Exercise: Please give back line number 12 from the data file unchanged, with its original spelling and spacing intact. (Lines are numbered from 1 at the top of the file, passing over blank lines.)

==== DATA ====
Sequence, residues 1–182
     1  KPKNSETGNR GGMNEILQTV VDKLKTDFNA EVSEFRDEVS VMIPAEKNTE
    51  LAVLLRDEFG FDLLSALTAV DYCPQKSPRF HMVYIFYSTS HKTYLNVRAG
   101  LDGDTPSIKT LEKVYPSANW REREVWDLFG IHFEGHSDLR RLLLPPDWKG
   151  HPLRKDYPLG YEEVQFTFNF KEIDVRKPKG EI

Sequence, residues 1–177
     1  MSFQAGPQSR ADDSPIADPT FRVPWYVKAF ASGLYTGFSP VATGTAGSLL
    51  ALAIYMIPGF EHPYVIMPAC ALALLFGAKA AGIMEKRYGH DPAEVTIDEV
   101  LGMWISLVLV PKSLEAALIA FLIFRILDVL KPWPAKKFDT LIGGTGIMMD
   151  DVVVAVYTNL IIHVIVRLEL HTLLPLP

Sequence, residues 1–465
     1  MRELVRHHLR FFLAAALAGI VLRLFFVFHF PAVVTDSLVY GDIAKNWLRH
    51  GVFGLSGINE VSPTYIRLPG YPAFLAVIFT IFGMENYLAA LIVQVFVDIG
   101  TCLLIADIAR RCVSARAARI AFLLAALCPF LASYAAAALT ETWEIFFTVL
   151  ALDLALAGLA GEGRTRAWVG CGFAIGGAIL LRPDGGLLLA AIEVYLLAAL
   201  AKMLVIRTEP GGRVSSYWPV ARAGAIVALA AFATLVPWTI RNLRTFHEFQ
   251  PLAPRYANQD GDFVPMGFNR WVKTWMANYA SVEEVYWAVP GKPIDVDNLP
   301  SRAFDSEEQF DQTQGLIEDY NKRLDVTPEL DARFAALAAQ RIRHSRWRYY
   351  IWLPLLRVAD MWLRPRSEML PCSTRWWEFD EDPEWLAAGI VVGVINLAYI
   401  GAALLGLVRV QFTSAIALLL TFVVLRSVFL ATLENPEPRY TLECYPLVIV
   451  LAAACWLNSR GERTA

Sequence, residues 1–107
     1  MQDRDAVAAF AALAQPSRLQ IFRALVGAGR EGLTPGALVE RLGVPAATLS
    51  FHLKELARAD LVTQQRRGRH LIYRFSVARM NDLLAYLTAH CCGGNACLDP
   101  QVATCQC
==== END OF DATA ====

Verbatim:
     1  MRELVRHHLR FFLAAALAGI VLRLFFVFHF PAVVTDSLVY GDIAKNWLRH